Another key factor to consider when exploring brake rotors is their cooling properties. Overheating is the mortal enemy of a properly functioning braking system. A solid disc provides the largest surface for a brake pad to contact but is more susceptible to overheating. ProX rotors have been designed with CNC machined slots and holes, as well an outer diameter wave design, to optimize rotor cooling and maintain lighter weight. When a disc is exposed to too much heat and warps, it pushes the pads back into the calliper and creates inconsistent braking performance, which could possibly lead to a bad accident.
ProX rotors are hardened stainless, with machined vents and waves for better cooling and cleaning. Also notice the final surface finish, which helps ensure even pad contact.
Brake master cylinders are the first part of the system activated when the brake is applied. Once activated, you are effectively pushing the master cylinder piston to seal, preventing any fluid to retreat into the reservoir. Once sealed, the piston then forces brake fluid into the line which activates the brakes. The master cylinder requires seals, and like any seal, it is a wear item. The question then becomes; how do you know when it is time to replace the seal? The obvious answer would be a noticeable leak. Some additional symptoms include your lever or pedal beginning to feel mushy.
Many companies offer master cylinder rebuild kits, including ProX. The kits include all necessary gaskets and seals to rebuild your master cylinder. These gaskets and seals are all manufactured by OEM suppliers, so you know you’ll get OEM quality, and not have to worry about rebuilding again due to bad seals.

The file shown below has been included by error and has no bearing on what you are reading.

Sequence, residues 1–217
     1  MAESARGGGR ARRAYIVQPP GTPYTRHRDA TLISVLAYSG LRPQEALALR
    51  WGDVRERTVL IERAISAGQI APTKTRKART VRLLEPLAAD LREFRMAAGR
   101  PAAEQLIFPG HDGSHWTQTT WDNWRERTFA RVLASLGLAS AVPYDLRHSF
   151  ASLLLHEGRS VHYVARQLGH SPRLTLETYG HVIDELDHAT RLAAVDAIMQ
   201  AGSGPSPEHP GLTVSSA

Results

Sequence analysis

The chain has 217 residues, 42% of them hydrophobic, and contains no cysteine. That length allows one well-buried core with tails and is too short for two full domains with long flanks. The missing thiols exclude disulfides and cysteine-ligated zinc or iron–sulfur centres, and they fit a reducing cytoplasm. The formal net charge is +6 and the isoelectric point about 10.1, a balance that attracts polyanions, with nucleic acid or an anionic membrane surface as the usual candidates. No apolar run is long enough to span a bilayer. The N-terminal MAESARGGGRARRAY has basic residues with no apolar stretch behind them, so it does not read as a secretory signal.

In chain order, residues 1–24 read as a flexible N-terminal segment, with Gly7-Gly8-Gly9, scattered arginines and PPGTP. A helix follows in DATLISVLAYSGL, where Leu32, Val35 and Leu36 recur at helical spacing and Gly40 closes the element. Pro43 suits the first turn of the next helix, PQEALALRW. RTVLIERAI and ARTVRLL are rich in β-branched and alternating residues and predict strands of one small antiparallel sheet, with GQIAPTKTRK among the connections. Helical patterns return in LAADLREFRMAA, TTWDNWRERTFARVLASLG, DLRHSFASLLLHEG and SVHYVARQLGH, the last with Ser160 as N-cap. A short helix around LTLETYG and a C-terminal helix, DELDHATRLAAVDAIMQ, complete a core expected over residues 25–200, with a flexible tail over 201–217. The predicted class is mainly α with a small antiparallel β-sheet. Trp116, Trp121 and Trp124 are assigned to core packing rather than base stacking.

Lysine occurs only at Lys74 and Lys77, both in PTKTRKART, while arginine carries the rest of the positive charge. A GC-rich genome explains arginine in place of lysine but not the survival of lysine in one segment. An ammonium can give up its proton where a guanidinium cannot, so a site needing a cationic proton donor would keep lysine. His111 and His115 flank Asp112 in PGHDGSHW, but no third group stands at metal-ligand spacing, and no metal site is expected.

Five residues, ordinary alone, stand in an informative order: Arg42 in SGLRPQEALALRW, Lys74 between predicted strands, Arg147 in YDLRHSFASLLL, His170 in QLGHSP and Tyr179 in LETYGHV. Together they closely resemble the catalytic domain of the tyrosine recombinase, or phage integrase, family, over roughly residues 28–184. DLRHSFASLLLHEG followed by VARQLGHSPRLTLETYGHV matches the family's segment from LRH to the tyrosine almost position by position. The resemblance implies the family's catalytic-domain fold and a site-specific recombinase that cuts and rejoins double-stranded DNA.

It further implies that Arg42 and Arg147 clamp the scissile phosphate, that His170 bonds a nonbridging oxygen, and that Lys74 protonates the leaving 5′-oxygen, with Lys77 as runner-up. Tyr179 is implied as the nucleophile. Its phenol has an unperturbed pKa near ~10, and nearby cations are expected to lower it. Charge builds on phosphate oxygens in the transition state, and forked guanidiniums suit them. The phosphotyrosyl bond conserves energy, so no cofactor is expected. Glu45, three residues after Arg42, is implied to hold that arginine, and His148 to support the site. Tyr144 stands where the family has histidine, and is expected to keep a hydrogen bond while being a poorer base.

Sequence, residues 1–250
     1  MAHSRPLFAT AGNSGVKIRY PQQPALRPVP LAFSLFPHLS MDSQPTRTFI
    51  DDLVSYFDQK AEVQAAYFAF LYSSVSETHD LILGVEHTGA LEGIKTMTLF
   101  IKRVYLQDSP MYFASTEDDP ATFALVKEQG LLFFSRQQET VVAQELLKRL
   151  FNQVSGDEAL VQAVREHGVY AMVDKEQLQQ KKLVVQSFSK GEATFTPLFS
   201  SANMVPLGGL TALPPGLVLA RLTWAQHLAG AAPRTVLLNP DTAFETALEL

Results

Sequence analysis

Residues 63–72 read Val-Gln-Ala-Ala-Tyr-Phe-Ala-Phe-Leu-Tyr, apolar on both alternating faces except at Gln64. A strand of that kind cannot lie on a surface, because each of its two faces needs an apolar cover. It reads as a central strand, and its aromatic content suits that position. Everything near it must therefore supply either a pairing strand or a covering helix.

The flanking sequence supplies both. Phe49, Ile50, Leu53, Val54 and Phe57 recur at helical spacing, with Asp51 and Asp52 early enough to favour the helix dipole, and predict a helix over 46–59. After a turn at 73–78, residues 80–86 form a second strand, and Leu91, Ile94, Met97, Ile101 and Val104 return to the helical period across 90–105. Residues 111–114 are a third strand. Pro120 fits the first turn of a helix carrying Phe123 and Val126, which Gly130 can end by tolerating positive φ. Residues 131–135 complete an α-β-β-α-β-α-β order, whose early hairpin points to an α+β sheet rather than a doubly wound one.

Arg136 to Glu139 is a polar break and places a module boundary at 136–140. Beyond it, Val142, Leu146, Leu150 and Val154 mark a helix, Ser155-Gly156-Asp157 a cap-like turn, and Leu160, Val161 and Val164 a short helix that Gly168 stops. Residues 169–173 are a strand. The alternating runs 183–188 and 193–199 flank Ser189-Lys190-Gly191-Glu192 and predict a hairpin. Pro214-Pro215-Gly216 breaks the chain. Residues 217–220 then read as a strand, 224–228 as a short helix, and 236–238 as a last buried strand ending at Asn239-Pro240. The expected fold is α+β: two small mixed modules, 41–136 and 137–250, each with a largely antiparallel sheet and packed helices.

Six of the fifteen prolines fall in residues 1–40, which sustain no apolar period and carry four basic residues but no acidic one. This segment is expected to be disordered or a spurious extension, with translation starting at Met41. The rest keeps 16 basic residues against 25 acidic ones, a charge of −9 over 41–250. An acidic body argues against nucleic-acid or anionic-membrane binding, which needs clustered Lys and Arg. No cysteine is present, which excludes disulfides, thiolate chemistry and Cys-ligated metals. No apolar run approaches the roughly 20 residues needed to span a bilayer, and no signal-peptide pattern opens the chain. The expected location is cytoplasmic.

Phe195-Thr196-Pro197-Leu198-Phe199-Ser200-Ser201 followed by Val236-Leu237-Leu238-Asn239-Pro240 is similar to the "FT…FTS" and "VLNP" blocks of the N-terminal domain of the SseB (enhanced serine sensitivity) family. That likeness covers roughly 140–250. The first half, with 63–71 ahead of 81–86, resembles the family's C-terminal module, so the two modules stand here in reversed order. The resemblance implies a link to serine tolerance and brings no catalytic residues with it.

The final major component involved in the braking process is your caliper. Inside the caliper is a piston, or pair of pistons, that are forced outward as brake fluid is forced in via brake lines. The pistons force the brake pads to come in contact with the rotor surface. When the master cylinder piston is retracted, the fluid is then drawn back into the reservoir, where the caliper pistons retract the brake pads.
The pressure from the brake fluid pushes the pistons out and against the back of brake pads, forcing the pad surfaces into the surface of the rotor.
The symptoms of a bad calliper seal are similar to those of the brake master cylinder; visible leaks, the mushy feel of lever or pedal, and corrosion on the piston, among other possibilities. Calliper rebuild kits are also available through ProX, and they contain all boots, seals, washers, etc. that you need for a successful rebuild.
While brake systems are comprehensive, it is essential these parts are maintained. When broken down part by part, the system becomes less daunting, especially with high quality, affordable rebuild kits readily available. Having good brakes is similar to having a good helmet, it’s important to do what you can to prevent avoidable accidents and injury.